EFFECTS OF SKIN CANCER
-- While many people are aware the sun's ultraviolet (UV) rays may lead to skin cancers on unprotected skin outdoors, medical research indicates that being exposed to the sun's harmful UV rays indoors may also lead to skin damage, whether inside a vehicle or building.
"Unprotected glass, even glass that is colored to appear darkened, allows a significant amount of the sun's damaging UV rays to pass straight in and onto your skin, making sun protection necessary inside as well as outside," said Darrell Smith, executive director of the International Window Film Association (IWFA). "All quality window films block 99 percent of the sun's UV rays and should be installed. The impact of the sun's UV harmful rays are cumulative and may lead to skin cancer," said Smith.
Study after study by dermatologists state that most skin cancers show up on the left side of the face and upper arm; this is the side most exposed to the sun while driving a vehicle. On average, one person dies of melanoma skin cancer every hour, according to the Melanoma Foundation.Here's how to protect your skin when indoors from UV rays using window film:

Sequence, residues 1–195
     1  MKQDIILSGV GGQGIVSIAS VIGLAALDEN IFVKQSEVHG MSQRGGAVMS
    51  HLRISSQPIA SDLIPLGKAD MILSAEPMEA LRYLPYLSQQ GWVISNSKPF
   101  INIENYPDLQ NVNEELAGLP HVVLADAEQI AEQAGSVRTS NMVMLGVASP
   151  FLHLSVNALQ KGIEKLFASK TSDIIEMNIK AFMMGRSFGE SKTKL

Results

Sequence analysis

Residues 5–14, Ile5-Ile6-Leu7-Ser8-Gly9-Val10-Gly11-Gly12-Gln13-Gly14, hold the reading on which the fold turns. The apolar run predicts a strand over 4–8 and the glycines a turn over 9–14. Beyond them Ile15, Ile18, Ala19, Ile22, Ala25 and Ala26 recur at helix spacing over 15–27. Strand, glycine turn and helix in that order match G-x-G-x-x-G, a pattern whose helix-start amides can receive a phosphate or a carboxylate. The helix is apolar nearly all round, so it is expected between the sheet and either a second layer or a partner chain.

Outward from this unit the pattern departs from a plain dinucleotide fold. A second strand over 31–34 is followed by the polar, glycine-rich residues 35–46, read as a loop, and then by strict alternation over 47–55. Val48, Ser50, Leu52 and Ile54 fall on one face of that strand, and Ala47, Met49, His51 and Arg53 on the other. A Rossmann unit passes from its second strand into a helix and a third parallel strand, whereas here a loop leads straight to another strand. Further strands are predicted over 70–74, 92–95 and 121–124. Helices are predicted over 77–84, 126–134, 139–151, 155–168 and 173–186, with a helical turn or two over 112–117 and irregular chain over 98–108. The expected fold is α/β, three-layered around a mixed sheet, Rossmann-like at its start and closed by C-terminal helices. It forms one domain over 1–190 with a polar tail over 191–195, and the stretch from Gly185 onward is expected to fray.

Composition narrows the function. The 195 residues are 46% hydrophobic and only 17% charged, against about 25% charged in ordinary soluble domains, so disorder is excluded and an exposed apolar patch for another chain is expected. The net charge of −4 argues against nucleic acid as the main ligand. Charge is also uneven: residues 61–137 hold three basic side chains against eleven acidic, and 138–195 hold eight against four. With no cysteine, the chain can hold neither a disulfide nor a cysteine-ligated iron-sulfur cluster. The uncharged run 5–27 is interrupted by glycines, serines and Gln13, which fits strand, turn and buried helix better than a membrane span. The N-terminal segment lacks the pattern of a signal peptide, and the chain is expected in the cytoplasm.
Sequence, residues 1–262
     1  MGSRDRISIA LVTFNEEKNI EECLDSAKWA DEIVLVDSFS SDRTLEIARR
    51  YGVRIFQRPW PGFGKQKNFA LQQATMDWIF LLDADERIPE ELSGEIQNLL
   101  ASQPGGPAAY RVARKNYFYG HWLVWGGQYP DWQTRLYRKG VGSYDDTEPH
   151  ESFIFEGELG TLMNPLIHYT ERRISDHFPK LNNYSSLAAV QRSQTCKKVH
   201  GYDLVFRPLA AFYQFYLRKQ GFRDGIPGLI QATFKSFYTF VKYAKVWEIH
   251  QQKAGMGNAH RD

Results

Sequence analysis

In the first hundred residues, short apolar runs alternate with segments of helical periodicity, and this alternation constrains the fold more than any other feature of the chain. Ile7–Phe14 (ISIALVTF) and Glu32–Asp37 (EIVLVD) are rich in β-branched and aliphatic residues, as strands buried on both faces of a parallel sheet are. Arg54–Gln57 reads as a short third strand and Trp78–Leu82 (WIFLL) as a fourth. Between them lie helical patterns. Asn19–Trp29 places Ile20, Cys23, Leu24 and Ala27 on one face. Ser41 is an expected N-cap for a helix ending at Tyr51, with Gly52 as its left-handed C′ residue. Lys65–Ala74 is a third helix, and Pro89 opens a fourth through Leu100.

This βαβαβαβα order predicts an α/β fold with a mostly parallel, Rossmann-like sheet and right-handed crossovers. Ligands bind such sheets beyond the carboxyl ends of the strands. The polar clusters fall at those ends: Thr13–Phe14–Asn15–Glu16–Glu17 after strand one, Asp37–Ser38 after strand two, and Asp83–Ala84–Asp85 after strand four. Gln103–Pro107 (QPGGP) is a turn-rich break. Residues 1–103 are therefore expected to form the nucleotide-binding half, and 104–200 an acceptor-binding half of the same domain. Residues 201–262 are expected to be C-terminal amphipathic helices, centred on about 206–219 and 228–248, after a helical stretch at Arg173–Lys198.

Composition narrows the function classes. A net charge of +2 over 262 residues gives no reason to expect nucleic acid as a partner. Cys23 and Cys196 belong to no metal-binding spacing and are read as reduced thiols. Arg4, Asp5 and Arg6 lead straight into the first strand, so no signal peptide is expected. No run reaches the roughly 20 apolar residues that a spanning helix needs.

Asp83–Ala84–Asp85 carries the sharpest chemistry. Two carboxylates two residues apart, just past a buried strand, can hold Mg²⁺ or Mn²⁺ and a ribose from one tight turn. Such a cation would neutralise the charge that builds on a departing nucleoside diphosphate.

About The International Window Film Association The International Window Film Association (IWFA) (www.iwfa.com) is a unified industry body of window film dealers, distributors, and manufacturers that facilitates the growth of the window film industry through education, research, advocacy and public awareness. Like us on Facebook, follow us on Twitter and see more information on YouTube